Directions for creating rosters in ActivInspire from which you can randomly pull students’ names for class participation!
An outline to give students for writing a 5-paragraph essay, including links with tutorials for writing introductions and conclusions.
An explanation of and graphic organizer for recording quotes from text along with justification for labeling them fact or opinion.
Taken from a student teacher/cooperating teacher, this document gives successful strategies for formatively assessing your students. It includes a STUDENT SURVEY to give at the end of the year to let you know where you and your instruction stood from a student perspective!
Lots of formative assessment tools/techniques to check your students’ understanding.
Teach basic homophones using this tool.
Get the answers to Homophone Jeopardy here.
Extra practice using the homophones in the Jeopardy game above.
Graphic organizers where students record what they Know, Want to Know, How they will find it (sources), and what they Learned. It can be used Before, During, and After an assignment. Great for accessing prior knowledge.
Use this strategy as formative assessment to check for understanding at the close of a class period or lesson.
What literature circles ARE and what they ARE NOT.
Suggestions for roles that students will assume when discussing
From AP English Literature and Composition- a note-taking graphic organizer.
A note-taking guide that can be used when watching a movie.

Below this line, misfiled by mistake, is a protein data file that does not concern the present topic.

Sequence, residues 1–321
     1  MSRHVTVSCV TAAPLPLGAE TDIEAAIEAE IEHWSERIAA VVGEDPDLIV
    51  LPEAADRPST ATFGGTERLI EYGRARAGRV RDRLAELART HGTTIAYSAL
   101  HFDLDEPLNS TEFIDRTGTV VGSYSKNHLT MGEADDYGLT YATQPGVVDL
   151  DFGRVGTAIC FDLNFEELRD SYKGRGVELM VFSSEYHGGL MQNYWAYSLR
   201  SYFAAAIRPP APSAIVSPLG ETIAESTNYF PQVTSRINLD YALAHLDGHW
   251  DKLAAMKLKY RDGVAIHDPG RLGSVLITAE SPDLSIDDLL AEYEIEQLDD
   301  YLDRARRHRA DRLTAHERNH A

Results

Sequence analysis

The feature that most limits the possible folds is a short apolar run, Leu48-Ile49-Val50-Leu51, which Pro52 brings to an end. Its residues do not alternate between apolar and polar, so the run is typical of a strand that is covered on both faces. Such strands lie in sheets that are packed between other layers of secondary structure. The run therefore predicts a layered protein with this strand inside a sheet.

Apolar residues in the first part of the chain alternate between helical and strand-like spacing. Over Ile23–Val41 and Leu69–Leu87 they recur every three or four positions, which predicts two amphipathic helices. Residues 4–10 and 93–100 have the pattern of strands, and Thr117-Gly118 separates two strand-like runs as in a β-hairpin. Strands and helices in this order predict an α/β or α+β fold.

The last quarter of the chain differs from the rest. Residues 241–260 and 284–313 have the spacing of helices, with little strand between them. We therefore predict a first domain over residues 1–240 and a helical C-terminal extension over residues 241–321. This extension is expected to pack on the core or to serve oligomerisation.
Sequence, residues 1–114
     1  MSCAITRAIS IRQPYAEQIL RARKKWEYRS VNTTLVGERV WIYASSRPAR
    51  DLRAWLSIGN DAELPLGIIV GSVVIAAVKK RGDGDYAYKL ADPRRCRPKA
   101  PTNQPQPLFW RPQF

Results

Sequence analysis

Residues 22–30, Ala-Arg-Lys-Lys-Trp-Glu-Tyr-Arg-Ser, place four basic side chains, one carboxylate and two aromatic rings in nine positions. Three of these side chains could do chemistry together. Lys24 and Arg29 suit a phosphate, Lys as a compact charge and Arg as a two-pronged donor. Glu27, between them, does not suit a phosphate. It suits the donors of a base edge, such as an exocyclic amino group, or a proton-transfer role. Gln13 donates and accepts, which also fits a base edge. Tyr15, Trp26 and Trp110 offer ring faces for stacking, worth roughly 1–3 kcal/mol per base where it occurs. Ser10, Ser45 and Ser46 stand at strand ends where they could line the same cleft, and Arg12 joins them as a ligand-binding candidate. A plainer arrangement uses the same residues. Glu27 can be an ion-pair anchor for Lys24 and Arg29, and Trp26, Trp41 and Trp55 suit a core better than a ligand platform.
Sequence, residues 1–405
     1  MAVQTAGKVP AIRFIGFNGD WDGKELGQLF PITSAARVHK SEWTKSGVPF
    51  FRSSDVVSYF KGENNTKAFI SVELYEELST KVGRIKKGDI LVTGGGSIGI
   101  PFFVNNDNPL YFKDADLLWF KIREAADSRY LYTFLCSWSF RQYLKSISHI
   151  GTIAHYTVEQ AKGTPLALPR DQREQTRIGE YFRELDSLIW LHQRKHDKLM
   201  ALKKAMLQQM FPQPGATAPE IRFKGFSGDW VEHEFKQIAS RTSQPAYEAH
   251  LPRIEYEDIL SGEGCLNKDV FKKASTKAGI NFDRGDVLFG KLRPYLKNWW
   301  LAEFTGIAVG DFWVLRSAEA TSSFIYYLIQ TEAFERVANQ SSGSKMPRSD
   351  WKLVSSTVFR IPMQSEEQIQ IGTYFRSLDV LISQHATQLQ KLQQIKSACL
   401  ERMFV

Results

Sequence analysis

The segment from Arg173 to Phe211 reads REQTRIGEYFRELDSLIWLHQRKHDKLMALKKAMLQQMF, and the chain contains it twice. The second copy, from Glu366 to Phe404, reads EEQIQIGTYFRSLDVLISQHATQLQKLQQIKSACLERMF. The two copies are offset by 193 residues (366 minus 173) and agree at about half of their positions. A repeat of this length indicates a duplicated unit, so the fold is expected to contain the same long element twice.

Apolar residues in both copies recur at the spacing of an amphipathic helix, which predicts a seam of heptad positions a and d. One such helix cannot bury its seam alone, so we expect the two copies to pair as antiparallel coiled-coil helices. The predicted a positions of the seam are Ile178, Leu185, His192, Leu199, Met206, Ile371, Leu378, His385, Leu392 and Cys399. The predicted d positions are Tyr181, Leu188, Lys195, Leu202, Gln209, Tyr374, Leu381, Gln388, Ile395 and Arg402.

A Marzano strategy that has students stopping to take and look at notes 3 times in 3 different formats.
“Use with math, chemistry, physics, or statistics problem-solving.”
Have writers edit each other’s work.
A 2-column chart where students record their predictions of what will happen, and after reading, record what actually happened. A good way to check for prior knowledge.
Great to use in conjunction with “Sticky Note Strategy” below OR have students choose from among the list to be prepared to say one thing about what they read.
This “cheat sheet” names strategies, giving descriptions of each and whether or not they are most effectively used Before reading, During reading, and/or After reading.
Use this checklist/comments document to take anecdotal notes on a student’s use of strategies before, during, and after (BDA) reading.
Save the last word for me is a strategy that clarifies and deepens students’ thinking about a topic/reading. It is done in groups of 4 and the purpose is to “build on each other’s thinking, not to enter into a dialogue.”